Impact Investing

Sometimes you can support a worthy project or field and can get a return on your money. Yes, a return.

It’s what’s known as impact investing, essentially investments made in organizations, funds or companies with the intent to generate a social or environmental impact as well as a financial return. It includes for-profit companies that intend to have a social impact using their business model as well as nonprofits with revenue streams.

Some philanthropists use impact investing as a complementary tool with their grantmaking as a way to diversify their portfolio or to use the returns as a way to fund more giving. Either way, the attraction is the same: to make money and achieve a measurable impact.

The term impact investing was first coined only in 2007, but it has acquired some high-profile champions including the Omidyar Network, the Rockefeller Foundation and the Case Foundation, which all believe in the premise that capital markets can be a catalyst for positive social change.

According to the Global Impact Investing Network, a nonprofit that helps impact investors, impact investments typically have these characteristics:

  • A positive social or environmental impact, such as to increase access to education, improve healthcare services, promote affordable housing or enhance workforce development. For now, these investments are typically made in developing and emerging markets. Impact investing has a very small footprint in the U.S.
  • A return on the money invested or, at minimum, a return of the initial capital invested.
  • Measurable results. Investors need tangible evidence that what they’re funding is having a positive effect.

Investing for social and financial returns is a laudable concept, but how does it actually play out? A definitive picture has yet to emerge. Impact investing is still in its infancy, so there isn’t much in the way of hard data, though some observers suspect too many investors in the field are seeking a return at the expense of impact.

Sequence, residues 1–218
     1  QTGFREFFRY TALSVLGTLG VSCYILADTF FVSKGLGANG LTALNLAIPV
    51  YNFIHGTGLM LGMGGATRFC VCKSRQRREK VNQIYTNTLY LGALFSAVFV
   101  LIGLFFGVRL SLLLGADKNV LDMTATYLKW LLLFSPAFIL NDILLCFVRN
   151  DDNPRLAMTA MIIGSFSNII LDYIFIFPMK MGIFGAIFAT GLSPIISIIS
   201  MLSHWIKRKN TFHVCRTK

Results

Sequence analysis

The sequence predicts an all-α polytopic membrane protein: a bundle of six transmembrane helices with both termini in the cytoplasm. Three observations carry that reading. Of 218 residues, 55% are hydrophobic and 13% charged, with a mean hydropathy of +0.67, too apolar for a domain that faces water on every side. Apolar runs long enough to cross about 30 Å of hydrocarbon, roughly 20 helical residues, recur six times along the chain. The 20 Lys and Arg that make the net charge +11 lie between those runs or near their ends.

“Today, impact investors have developed a more realistic set of expectations about what is possible. Most now realize that with rare exceptions, it’s not possible to generate both high financial returns and high social impact,” Eric Nee wrote in the Stanford Social Innovation Review. “To create real social impact, investors have to work harder, take on more risk, and accept lower returns. Unfortunately, many impact investors aren’t willing to do that.”

At the same time, numbers can also be skewed by the fact that some investors are willing to absorb a lower return in order to have an impact. Some investors may view that as a form of philanthropy minus the charitable tax deduction. And like with any investment, returns will vary based on the sector, location, the asset class and skill of fund managers.

For now at least, impact investing should be just one part—and maybe a small one at that—of any financial portfolio that supports a program of charitable giving. Still, it remains an innovative way to support businesses and sectors that want to have a positive social impact. Or, as Matt Bannick and Paula Goldman of the Omidyar Foundation wrote: “Indeed, we would assert that the primary goal of impact investing is to see and nurture socially impactful innovations so that commercial markets can eventually take them to scale.”

If impact investing may sound appealing, there are many funds—most on the small side when it comes to assets—that can facilitate your entry into the field. You can begin your research at ImpactBase, an online directory of impact investment vehicles. The nonprofit Impact Assets puts out the ImpactAssets 50, a showcase of leading investment funds.


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